By Jamelle Bouie
Feb. 7, 2019, 23
Timothy A. Clary/Agence France-Presse — Getty Images
“There’s something odd about the self-described moderates and centrists considering a run for president. If “moderation” or “centrism” means holding broadly popular positions otherwise marginalized by extremists in either party, then these prospective candidates don’t quite fit the bill.
Senator Elizabeth Warren’s proposed wealth tax on the nation’s largest fortunes is very popular, according to recent polling by Morning Consult, with huge support from Democrats and considerable backing from Republicans. But Michael Bloomberg, the former mayor of New York who has flirted with running for president as a moderate Democrat, rejects the plan as an extreme policy that would put the United States on the path to economic ruin. “If you want to look at a system that’s noncapitalistic, just take a look at what was once, perhaps, the wealthiest country in the world, and today people are starving to death. It’s called Venezuela,” he said during a January trip to New Hampshire. He is similarly dismissive of the idea of “Medicare for all,” warning that it would “bankrupt us for a very long time.”
Likewise, Terry McAuliffe, the former governor of Virginia, has staked out ground as a moderate politician, even as he opposes similarly popular ideas. A substantial majority of the public favors proposals to greatly expand college access or make it free outright. In a January op-ed for The Washington Post, McAuliffe dismissed “universal free college” as a misuse of tax dollars. “Spending limited taxpayer money on a free college education for the children of rich parents badly misses the mark for most families.”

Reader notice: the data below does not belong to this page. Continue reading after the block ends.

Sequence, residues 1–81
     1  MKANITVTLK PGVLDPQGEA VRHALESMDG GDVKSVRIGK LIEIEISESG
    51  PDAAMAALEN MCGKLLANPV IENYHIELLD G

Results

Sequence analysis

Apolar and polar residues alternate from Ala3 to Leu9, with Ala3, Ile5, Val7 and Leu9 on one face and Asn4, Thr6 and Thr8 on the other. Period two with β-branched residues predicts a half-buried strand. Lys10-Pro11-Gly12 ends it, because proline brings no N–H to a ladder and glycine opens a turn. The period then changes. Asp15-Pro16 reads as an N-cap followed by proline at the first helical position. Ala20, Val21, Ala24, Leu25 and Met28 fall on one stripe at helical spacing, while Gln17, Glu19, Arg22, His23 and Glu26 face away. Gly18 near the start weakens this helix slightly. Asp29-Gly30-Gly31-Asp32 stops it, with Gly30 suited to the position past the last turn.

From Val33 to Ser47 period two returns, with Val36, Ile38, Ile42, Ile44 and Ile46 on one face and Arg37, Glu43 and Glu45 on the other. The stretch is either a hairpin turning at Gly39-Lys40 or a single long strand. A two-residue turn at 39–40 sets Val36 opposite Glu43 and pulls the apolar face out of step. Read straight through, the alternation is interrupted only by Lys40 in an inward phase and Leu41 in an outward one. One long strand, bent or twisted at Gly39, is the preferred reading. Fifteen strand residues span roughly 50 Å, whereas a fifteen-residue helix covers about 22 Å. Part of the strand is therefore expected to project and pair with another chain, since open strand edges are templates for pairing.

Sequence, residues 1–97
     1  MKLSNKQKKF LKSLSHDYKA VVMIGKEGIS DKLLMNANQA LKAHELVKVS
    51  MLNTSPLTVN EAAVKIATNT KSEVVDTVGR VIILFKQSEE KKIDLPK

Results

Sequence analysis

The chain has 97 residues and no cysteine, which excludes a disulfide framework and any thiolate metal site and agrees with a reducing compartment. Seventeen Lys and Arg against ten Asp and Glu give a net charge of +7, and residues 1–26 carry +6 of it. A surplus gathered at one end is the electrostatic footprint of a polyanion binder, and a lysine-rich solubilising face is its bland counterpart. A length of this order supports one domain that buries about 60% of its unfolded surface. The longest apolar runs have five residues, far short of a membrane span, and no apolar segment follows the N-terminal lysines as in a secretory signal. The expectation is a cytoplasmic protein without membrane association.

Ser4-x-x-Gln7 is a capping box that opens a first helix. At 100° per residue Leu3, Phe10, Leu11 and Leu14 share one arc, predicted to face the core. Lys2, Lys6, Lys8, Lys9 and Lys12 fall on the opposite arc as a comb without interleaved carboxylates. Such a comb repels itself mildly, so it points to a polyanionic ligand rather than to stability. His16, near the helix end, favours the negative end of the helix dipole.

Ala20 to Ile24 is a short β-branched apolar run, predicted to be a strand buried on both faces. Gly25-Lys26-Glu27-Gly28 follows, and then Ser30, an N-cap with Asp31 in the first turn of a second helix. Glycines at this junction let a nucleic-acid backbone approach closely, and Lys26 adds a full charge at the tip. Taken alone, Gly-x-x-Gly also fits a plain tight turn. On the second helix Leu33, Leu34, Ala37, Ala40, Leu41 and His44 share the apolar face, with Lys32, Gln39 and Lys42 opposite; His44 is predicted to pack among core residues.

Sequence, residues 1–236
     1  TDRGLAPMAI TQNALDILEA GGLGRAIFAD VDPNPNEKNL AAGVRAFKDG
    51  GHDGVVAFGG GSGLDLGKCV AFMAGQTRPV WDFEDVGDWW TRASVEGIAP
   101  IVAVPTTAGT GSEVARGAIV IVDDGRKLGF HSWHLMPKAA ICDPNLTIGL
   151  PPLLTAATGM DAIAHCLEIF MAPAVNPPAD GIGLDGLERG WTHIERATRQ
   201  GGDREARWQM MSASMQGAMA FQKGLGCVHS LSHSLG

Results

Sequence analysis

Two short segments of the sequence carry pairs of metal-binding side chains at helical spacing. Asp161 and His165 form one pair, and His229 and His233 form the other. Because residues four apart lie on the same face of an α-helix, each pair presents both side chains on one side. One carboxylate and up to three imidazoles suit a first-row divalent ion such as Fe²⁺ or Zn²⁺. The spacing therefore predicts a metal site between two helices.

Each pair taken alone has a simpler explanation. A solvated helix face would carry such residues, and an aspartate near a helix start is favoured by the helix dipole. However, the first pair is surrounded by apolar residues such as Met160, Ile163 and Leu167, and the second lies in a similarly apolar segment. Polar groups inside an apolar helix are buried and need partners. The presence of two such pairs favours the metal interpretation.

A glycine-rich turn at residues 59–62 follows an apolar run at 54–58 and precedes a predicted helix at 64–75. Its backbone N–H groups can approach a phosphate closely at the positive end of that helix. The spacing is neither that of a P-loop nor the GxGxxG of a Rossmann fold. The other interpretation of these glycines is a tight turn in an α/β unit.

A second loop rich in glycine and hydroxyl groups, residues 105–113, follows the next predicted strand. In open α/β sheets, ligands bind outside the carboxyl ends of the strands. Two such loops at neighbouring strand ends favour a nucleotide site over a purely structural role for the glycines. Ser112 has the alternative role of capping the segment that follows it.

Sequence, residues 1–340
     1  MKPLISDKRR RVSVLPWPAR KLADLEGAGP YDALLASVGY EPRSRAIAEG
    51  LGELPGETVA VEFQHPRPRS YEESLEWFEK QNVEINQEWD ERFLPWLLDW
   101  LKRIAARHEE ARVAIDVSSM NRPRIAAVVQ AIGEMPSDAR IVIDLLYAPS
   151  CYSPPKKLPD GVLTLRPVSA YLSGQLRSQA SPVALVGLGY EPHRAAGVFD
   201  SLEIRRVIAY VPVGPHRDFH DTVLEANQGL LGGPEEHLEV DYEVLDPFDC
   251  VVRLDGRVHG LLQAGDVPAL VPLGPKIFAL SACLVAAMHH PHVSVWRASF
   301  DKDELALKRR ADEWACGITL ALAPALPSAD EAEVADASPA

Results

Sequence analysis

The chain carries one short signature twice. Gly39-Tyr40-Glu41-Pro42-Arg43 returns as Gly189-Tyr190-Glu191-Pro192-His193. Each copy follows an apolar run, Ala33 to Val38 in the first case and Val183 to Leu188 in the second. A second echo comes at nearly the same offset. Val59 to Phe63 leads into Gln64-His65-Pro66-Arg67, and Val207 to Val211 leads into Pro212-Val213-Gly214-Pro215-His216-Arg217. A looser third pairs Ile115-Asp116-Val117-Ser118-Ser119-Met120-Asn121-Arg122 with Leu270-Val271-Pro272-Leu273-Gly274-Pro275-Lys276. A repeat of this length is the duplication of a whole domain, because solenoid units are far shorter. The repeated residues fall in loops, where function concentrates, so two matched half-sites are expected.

And let’s not forget Howard Schultz, the former Starbucks chief executive who might run for president as an independent, who characterizes himself as a “centrist” despite holding positions that have little traction among the public as a whole. “We have to go after entitlements,” he has said, referring to the unpopular idea of cutting Social Security and Medicare to shrink the federal deficit.”
Jamelle Bouie, excellent work. Challenging piece. I’m afraid you are probably right. David Leonhard’s telling recent piece, The Actual State of the Union Now, or whatever, has data to support this line of thinking. We are into a new Gilded Age. But more newsworthy, the earth is getting ruined by the pollution of 7.6 billion humans. What is missing from your writing, is an awareness of the Sixth Extinction, which is the really big story you keep missing and haven’t even acknowledged yet. It is so last century to focus exclusively on civil and human rights. With such narrowness, we might be doomed, if the experts are right who say we have only 12 years to turn around the direction we are headed with regards to climate change. The good news is that the earth is fine. It doesn’t care if we survive. Jamelle, I invite your to do a deep dive into the writings of two of my heros, Edward O Wilson, and Bill McKibbon. Also, take a look at the NYT magazine, stupidly undated. It has only one article, Losing Earth, Thirty Years ago, we could have saved the planet, by Nathaniel Rich. The copy I printed out from NYT.com has a date stamp of August 1, 2018.
David Lindsay Jr. is the author of “The Tay Son Rebellion,” and blogs at TheTaySonRebellion.com and InconvenientNews.wordpress.com. He performs folk music and stories about Climate Change and the Sixth Extinction.